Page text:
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Old 08-22-2015, 10:55 AM
Location: Tampa (by way of Omaha)
14,500 posts, read 22,580,215 times
Reputation: 10220


Lyle posted this on his site on Thursday and I'm going to pass it along to everyone here since many people are probably interested.

For years the debate over reduced fat or reduced carbohydrates has gone on and it shows no sign of stopping. The pendulum has actually swung over the years. In the 70’s, the Atkins diet drove interest in very low/reduced carbohydrate diets. In the 80’s, reduced fat diets came into vogue as it looked like dietary fat was more easily stored as body fat and it looked like, so long as fat intake was kept low enough, weight and fat loss would happen (this was true until people went nuts and started overeating low fat foods in excess). In the 90’s, somehow the Zone caught on and then things started to fragment. Cyclical ketogenic/reduced carbohydrate diets became popular and I even wrote an entire book on the topic.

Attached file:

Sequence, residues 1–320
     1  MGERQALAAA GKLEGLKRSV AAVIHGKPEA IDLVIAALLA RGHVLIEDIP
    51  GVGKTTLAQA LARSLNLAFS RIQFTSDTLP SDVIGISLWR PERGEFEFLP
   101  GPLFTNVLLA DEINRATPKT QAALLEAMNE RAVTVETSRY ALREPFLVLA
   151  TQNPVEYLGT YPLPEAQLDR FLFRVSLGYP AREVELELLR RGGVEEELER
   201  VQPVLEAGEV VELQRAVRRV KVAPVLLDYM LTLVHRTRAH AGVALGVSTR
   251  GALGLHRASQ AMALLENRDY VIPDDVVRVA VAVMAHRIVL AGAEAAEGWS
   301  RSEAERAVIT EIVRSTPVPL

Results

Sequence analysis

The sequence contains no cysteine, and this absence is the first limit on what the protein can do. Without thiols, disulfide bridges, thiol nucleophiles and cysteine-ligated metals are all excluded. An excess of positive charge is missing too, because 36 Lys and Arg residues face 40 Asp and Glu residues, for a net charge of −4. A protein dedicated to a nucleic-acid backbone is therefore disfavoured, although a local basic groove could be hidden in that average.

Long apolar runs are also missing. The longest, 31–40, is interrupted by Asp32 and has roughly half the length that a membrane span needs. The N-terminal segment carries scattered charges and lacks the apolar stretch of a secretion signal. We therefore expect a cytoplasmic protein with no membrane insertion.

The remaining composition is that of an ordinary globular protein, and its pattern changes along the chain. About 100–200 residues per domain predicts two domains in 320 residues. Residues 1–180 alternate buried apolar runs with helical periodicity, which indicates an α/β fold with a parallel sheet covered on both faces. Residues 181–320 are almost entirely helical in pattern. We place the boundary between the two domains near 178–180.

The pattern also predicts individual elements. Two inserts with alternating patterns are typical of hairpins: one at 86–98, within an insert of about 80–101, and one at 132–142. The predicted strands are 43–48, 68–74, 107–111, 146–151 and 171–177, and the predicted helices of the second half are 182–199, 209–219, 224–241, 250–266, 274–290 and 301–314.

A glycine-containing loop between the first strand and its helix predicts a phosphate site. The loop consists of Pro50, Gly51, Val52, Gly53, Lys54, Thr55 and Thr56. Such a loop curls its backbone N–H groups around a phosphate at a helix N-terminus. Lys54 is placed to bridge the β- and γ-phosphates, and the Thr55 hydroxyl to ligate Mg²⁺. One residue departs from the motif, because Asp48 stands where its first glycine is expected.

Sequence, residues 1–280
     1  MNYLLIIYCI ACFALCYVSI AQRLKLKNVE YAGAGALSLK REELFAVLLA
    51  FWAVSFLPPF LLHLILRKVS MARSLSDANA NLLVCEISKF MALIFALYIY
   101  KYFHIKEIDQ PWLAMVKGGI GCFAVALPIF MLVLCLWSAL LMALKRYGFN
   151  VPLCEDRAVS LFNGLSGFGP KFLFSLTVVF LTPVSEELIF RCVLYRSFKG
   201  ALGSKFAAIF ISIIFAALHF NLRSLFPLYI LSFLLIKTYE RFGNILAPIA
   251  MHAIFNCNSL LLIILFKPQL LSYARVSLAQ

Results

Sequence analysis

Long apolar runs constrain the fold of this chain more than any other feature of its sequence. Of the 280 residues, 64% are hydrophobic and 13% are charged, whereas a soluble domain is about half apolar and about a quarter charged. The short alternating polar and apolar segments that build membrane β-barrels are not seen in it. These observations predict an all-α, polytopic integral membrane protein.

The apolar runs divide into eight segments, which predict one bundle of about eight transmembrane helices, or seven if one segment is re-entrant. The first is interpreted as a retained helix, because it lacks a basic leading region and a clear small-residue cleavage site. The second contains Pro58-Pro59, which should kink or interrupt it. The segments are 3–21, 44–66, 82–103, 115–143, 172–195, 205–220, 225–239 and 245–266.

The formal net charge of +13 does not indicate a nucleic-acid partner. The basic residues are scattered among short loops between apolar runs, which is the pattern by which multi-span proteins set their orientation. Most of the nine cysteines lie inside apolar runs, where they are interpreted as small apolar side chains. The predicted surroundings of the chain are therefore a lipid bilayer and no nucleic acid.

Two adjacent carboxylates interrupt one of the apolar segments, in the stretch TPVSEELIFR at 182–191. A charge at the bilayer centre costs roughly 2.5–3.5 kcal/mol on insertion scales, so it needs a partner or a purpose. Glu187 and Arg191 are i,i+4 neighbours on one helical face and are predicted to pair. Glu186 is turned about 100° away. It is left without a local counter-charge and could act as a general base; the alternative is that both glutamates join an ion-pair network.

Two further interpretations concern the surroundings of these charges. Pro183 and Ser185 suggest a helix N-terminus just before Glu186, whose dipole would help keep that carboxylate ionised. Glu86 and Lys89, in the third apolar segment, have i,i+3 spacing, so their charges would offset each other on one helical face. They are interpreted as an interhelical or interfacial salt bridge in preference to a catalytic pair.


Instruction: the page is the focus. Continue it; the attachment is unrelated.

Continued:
But now, with the joys of the Internet, the entire dietary world has become very divided. With the publication of a book that I shall not name the idea that insulin was the cause of obesity, that reducing insulin was either required or would magically cause fat loss came back into vogue. Nevermind that the entire insulin hypothesis has been completely destroyed.

Regardless, the debate goes on with various studies coming in on both sides of the debate. They are often problematic, relying on self-reporting of diet or poor measurements of actual changes (i.e. weight versus body fat). Over the long-term, there is invariably little to no difference in the overall results anyhow and, as I’ve said before and will reiterate below, the best diet is really the one someone can stick to.

Regardless of that, a new study has been blowing up the Internet and since I keep getting or seeing questions about it, I want to weigh in (ha ha) on it.
Reduced Fat and Reduced Carbohydrate Diets : BodyRecomposition

The executive summary is that low fat group actually burned more fat than the low carb group, though to be fair the level of fat intake restriction was beyond what would be "normal" in order to match calorie intake.

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